Another thing I’m realizing with painful clarity is that being an advocate was not automatic for me.  My earliest accounts of Finn’s life, for instance, are peppered with “Down syndrome babies” and “Ds kids” – I knew nothing about People-First Language.  There is an itch to clean this up as I go along, to change the terminology I used then to the appropriate terminology I use today.  But that wouldn’t be honest, would it?  And the whole point is to keep this real, to show the road I traveled, with all its warts and foibles.

It’s also helping me to see that ignorance is first nature – we only know what we know.  Which means it bears keeping a little forgiveness in our hearts for those who haven’t traveled a similar path, who just don’t know.

31 for 21: On Reading and Writing

Yesterday morning I woke up to an email from the co-editor of Literary Mama, an e-zine devoted to writers writing about maternal matters.  What was shocking was that they came to me, instead of the other way around.  In her email, the editor explained to me that she had been contacted by George Estreich, author of The Shape of the Eye, asking if Literary Mama would be willing to review his book.  She went on to explain that Jennifer Graf-Groneberg, author of Roadmap to Holland and a sometime contributor to Literary Mama, had recommended me – me! – to write the review.

I am, in truth, still trying to wrap my head around this.  Why me?  (Not that I’m looking a gift horse in the mouth – I’m thrilled!  Just analytical by nature.)  It’s true that I read Roadmap to Holland in the early weeks following Finn’s birth, and it felt like a balm to me.  It put into eloquent words so much of what I was feeling at the time – so much so that I made my book club read it and hosted the discussion.  Jennifer Graf-Groneberg and I actually were in touch via email for a time after I read her book; if a book makes a particularly strong impression on me, I will often Google the author, find their contact information and drop them a note telling them how their book impacted me.  She was very warm and approachable, and I appreciated it.  Still, it’s been ages – a couple of years probably – since I’ve had any contact with her, so it’s just very, very surprising to me that she would even remember me, let alone that she would think me up to the task of writing a bona fide book review for a publication like Literary Mama.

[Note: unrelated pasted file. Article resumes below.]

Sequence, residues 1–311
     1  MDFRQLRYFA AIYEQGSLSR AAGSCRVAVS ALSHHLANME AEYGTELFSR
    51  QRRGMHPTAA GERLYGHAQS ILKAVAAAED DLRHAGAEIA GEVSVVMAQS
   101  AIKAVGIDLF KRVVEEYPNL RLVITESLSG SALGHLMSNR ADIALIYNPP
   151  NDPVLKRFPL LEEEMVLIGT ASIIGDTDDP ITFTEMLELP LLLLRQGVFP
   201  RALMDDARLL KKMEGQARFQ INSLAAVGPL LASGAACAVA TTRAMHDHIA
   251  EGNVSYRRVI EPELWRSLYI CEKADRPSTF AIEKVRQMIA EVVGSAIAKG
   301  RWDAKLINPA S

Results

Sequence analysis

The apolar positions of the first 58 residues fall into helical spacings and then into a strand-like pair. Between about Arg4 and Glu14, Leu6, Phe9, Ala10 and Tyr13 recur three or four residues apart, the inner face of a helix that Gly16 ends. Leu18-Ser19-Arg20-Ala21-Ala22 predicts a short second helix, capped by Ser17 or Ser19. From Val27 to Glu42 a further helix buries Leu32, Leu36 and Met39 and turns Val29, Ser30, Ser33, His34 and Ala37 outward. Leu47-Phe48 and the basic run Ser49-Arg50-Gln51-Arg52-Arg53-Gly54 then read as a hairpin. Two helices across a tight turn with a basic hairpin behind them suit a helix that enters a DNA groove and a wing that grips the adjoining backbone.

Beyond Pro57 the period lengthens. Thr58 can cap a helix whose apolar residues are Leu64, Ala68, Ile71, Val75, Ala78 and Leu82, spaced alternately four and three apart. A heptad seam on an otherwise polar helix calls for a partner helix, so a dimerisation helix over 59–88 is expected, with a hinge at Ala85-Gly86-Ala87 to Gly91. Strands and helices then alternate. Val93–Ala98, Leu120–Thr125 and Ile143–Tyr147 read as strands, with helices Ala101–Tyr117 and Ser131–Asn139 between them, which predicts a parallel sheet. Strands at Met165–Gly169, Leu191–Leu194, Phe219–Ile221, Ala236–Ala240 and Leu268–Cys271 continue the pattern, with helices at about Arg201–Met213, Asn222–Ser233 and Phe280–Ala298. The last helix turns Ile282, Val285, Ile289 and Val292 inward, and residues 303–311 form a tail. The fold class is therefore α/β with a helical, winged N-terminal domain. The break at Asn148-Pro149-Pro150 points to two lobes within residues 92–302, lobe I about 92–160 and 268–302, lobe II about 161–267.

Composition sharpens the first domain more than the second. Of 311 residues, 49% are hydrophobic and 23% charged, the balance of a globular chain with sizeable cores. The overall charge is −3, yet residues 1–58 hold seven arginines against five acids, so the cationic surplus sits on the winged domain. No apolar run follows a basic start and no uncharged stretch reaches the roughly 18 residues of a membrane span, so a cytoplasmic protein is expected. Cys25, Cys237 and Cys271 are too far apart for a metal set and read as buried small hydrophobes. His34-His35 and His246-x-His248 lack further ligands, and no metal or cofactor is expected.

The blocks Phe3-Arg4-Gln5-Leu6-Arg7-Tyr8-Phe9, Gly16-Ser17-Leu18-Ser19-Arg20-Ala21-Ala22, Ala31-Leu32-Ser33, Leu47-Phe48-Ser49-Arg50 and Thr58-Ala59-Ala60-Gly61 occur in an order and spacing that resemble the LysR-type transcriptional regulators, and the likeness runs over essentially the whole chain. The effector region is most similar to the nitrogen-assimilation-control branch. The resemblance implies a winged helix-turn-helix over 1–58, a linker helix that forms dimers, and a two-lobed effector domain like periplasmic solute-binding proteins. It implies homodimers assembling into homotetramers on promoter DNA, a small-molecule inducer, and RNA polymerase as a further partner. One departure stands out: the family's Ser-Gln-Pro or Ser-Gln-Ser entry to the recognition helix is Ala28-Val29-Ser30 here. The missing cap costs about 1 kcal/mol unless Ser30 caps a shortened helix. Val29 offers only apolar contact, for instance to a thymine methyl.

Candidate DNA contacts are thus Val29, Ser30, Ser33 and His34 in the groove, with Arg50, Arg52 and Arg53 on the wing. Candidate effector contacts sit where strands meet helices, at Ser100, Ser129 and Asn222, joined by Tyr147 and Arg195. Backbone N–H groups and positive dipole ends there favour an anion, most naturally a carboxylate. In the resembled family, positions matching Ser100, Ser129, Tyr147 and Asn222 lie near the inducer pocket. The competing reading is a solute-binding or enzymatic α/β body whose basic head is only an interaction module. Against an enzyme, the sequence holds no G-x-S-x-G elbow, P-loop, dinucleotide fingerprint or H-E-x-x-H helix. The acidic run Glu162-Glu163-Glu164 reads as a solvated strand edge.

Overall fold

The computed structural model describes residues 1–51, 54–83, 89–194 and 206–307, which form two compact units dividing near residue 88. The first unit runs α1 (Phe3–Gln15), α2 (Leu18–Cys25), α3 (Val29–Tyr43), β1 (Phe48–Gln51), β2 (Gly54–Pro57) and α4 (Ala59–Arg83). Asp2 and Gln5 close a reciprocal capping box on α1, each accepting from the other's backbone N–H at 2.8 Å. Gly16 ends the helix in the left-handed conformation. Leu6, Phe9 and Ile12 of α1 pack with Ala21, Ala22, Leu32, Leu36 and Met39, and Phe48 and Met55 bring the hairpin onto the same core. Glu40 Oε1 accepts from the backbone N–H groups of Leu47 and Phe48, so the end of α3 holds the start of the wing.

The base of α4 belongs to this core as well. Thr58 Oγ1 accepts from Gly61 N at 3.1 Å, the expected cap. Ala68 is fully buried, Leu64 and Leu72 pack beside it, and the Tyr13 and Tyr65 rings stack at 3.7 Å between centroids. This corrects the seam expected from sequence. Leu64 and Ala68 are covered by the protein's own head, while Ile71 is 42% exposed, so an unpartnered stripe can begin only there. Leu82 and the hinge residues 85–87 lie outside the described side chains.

It’s no secret to anyone who follows me on Facebook or my blog that I have dreams of writing – really writing.  This feels like quite an opportunity.  It’s not for pay, but I think there is definitely some prestige that can be gained from this opportunity, and perhaps it will lead to more opportunities.

So, although I’ve already reviewed The Shape of the Eye on my own little book blog, I will be writing an expanded review of it for Literary Mama’s Father’s Day issue next June.  It’s a way off, but I hope you’ll look for it!